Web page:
In late Septem­ber, Google rolled out a change that altered the fabric of Search Market­ing strat­egy forever, as they promised to do in their blog­post.  In Google’s words, the inclu­sion of close vari­ants on exact and phrase match keywords promised to help cover mispellings and plurals that users may not be includ­ing in their account struc­ture; however, most expe­ri­enced SEM folks already include ad groups or use broad match­ing to cover these vari­ants and appre­ci­ated the option to opt out of close vari­ants.  The primary reason­ing being control.

For more infor­ma­tion on exactly what this change entailed, Search Engine Land did a great job explain­ing the impli­ca­tion of includ­ing close vari­ants as well as some analy­sis on what impact we might have expected  after the change was imple­mented.  As we wrote about in our post on the impor­tance of struc­ture and naming conven­tions, we strongly recom­mend break­ing out Match Types by Campaign and imple­ment­ing nega­tives as Benjamin suggests.  Having already had this struc­ture helped us signif­i­cantly manage the inclu­sion of close vari­ants across the major­ity of our keywords.  At the same time, we are seeing a trend, as he also suggested would happen, in our Branded terms that are trou­ble­some.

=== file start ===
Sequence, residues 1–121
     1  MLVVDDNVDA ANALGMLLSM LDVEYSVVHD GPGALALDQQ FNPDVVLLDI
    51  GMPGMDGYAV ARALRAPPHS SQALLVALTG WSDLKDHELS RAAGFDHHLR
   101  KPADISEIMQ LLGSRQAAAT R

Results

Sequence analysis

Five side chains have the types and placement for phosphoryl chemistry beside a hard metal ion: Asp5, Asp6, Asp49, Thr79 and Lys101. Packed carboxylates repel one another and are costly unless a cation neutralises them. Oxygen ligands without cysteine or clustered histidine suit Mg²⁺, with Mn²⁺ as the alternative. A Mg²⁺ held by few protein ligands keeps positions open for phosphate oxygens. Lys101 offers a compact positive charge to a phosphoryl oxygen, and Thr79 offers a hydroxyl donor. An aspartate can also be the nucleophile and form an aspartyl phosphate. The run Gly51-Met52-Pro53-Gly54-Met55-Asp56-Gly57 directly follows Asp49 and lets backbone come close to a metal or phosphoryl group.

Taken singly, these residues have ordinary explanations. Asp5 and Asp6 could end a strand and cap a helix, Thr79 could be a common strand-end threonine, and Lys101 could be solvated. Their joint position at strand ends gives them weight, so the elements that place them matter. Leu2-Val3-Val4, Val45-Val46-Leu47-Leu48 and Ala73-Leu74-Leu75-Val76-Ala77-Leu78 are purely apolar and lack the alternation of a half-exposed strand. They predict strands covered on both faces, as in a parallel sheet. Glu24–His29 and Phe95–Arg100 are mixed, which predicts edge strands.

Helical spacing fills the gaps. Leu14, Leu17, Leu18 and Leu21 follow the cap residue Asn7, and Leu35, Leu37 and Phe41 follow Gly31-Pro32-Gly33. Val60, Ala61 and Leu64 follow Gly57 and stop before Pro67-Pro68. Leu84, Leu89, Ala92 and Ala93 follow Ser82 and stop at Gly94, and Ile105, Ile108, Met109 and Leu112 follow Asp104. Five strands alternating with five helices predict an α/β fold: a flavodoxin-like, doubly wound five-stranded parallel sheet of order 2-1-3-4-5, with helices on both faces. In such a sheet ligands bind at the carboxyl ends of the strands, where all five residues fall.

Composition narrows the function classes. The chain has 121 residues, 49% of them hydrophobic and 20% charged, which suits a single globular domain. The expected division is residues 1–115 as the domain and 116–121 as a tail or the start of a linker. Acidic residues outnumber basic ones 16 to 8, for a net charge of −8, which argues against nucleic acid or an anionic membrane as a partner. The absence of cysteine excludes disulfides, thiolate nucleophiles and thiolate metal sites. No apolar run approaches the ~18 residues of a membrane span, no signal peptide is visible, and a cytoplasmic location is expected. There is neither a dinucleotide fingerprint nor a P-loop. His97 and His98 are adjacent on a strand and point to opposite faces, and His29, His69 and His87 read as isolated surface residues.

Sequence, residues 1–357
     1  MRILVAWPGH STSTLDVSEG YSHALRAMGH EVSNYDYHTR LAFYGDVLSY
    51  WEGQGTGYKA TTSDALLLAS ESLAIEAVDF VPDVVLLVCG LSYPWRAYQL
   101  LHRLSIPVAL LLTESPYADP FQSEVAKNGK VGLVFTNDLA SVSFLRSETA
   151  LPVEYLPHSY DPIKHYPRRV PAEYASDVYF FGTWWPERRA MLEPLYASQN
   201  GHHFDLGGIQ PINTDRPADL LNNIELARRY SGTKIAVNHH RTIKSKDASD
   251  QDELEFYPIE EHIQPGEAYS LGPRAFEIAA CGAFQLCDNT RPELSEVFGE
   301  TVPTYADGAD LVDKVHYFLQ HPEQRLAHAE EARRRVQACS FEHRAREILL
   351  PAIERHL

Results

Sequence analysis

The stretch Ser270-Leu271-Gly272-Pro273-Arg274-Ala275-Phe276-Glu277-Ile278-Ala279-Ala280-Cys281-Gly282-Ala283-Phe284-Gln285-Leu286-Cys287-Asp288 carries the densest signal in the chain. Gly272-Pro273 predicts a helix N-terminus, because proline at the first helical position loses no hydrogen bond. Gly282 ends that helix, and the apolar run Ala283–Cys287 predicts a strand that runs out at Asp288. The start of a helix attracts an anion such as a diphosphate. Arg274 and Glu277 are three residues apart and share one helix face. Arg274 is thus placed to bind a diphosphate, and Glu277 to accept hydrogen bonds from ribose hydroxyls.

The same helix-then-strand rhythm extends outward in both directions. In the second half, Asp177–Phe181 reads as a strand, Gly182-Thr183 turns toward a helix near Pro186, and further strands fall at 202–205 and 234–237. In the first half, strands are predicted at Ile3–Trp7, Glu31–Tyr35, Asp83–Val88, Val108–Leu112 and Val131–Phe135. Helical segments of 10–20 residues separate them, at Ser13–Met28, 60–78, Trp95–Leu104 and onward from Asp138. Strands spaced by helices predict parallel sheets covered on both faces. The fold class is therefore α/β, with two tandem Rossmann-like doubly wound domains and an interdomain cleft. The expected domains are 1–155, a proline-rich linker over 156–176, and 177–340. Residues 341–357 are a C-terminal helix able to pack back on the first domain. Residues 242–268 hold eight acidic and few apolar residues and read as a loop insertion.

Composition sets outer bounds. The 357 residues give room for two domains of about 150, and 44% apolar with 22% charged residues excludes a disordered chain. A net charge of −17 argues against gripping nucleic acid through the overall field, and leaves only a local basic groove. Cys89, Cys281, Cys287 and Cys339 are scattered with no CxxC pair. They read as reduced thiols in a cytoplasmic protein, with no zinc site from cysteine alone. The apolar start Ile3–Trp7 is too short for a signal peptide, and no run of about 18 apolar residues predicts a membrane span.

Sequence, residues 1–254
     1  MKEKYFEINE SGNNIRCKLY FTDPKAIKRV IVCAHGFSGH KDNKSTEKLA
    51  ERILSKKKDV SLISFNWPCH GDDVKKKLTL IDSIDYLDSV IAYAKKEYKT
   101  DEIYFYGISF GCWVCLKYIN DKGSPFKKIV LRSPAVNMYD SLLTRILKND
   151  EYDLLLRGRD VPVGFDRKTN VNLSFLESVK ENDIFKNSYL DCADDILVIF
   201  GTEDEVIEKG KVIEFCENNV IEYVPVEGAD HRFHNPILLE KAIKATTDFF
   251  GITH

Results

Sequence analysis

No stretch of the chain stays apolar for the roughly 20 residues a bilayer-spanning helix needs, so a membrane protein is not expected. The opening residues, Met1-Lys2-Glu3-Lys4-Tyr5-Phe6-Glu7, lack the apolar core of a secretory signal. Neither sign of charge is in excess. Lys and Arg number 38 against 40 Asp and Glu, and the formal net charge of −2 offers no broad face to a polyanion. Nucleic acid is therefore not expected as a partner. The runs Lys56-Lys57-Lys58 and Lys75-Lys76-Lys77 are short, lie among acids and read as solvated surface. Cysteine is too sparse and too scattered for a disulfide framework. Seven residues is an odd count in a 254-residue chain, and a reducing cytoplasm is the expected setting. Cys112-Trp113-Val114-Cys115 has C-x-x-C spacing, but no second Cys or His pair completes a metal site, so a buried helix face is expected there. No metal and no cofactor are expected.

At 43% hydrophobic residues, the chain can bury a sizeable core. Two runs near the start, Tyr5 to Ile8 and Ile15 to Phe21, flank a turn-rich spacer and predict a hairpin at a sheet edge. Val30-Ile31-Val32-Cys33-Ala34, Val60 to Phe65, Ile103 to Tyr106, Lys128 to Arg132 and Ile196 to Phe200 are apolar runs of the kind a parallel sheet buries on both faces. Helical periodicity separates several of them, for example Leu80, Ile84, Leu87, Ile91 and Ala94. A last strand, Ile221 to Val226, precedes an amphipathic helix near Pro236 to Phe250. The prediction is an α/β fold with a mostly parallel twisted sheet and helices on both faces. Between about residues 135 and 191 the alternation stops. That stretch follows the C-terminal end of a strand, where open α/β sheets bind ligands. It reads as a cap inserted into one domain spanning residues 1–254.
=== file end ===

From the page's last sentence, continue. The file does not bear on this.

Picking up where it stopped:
The Impact of Close Variants on Brand Terms


Above is an image of our top branded term for a given client.  For anonymity let’s pretend this term is [home depot].  On Septem­ber 18th we saw a large down­ward trend on impres­sions and clicks on this term that was well outside of the norm.  Given that this keyword has a very high quality score, maxed out CPC and is isolated into it’s own tight ad group, we were confused.  A search query report and quick look at our data made it very clear that in the Misspellings ad group the exact match term [homes depot] was taking all of the traffic for queries of [home depot].   We also noticed that the total impres­sion volume of both keywords was actu­ally lower than the histor­i­cal daily combined total prior to the change:


At the end of the day an adver­tiser can use CPCs, nega­tives or pausing to work through this issue; however, it does remove the ease with which we were able to manage highly sensi­tive keywords and creates a good amount of extra work for brands who may have highly irrel­e­vant terms that are similar to their brand name.

In closing I’d like to bid a farewell to my friend, the exact match keyword.  We enjoyed the clarity and control you brought to our work.  You will be missed.